at contract manufacturing plants for Taiwan’s Formosa Plastics, which
also saw the death of five of its Vietnamese employees.

Another account said that a steel plant run by state-owned China
Metallurgical Group Corporation in north central Vietnam’s Ha Tinh
province reported 130 people injured, 23 of which were in serious
condition, and four deaths.

Numerous Taiwanese wood processing factories reported severe losses
totaling millions of US dollars as nearly a thousand businesses were
said to have been affected. Local Vietnamese enterprises were also hit
hard due to breaks in the production chain after Chinese and Taiwanese
companies were forced to suspend operations.

While the riots have been suppressed, tensions between the two countries
remain high as China has refused to budge over the Haiyang 981 oil rig.
Recent reports claim that a large number of People’s Liberation Army troops
have been deployed to the border at Pingxiang in southern China’s Guangxi
Zhuang autonomous region,where the brief 1979 Sino-Vietnamese War first broke
out, after anti-China protests forced Beijing to evacuate Chinese nationals.

As of May 20, China still had 90 vessels guarding the oil rig, with reports
that the Chinese coast guard drove away at least two Vietnamese maritime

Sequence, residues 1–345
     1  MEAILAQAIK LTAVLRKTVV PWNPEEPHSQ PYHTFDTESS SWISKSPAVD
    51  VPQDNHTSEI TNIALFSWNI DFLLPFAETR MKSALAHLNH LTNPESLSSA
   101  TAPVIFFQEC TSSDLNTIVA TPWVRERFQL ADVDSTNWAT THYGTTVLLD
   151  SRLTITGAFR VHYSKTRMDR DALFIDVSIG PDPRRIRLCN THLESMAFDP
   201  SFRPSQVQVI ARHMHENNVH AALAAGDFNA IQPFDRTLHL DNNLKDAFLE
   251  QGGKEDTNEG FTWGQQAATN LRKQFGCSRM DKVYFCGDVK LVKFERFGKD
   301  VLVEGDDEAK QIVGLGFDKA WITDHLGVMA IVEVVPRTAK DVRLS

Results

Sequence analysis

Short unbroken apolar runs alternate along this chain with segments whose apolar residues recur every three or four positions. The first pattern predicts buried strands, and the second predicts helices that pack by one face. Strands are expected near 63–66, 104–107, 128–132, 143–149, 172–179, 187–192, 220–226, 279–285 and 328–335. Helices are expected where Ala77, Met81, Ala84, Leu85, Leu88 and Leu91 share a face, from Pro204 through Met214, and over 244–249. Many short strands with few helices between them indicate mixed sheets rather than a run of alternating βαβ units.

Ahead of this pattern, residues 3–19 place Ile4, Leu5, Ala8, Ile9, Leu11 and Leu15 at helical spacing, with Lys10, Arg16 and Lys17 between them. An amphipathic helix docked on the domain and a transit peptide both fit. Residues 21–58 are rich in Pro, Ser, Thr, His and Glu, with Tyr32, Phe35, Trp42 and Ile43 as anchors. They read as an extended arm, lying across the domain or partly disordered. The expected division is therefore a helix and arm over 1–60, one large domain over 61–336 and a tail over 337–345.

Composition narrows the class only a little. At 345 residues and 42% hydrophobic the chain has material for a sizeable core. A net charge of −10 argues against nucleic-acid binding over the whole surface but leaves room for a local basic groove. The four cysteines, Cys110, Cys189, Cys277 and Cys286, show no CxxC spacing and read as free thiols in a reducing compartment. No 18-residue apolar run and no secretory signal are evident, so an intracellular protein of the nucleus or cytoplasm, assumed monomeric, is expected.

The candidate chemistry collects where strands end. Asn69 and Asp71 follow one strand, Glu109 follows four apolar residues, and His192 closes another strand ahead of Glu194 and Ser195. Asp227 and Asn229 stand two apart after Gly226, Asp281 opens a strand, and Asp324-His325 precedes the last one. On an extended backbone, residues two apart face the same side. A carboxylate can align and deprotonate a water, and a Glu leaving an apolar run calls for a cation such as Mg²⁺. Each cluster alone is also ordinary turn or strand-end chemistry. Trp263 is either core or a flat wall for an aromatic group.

security vessels away from the region.

Chinese defense minister Chang Wanquan has warned Vietnam not to make repeated
mistakes and to look at the bigger picture of Sino-Vietnamese friendship.
During a meeting with his Vietnamese counterpart Phung Quang Thanh last week,
Chang condemned Vietnam’s recent disruption of China’s “routine” and
“legitimate” oil drilling and called on Hanoi to “respect history” and “face

In a visit to the United States earlier this month, PLA general Fang Fenghui
also declared that the disputed territory had been “passed down by our ancestors”
and that China would not concede “an inch” in the dispute.

With neither side willing to back down, there are growing concerns that the dispute
over the location of the oil rig could turn into a military conflict. Experts believe,
however, that if there is a conflict it will be likely erupt on the seas near the
oil rig and not on land near the Sino-Vietnamese border.


  1. David Chu says:

    What’s the historical reason for the hatred of the Chinese by the Vietnamese? That the Chinese work hard and become wealthy in Vietnam like elsewhere in Southeast Asia?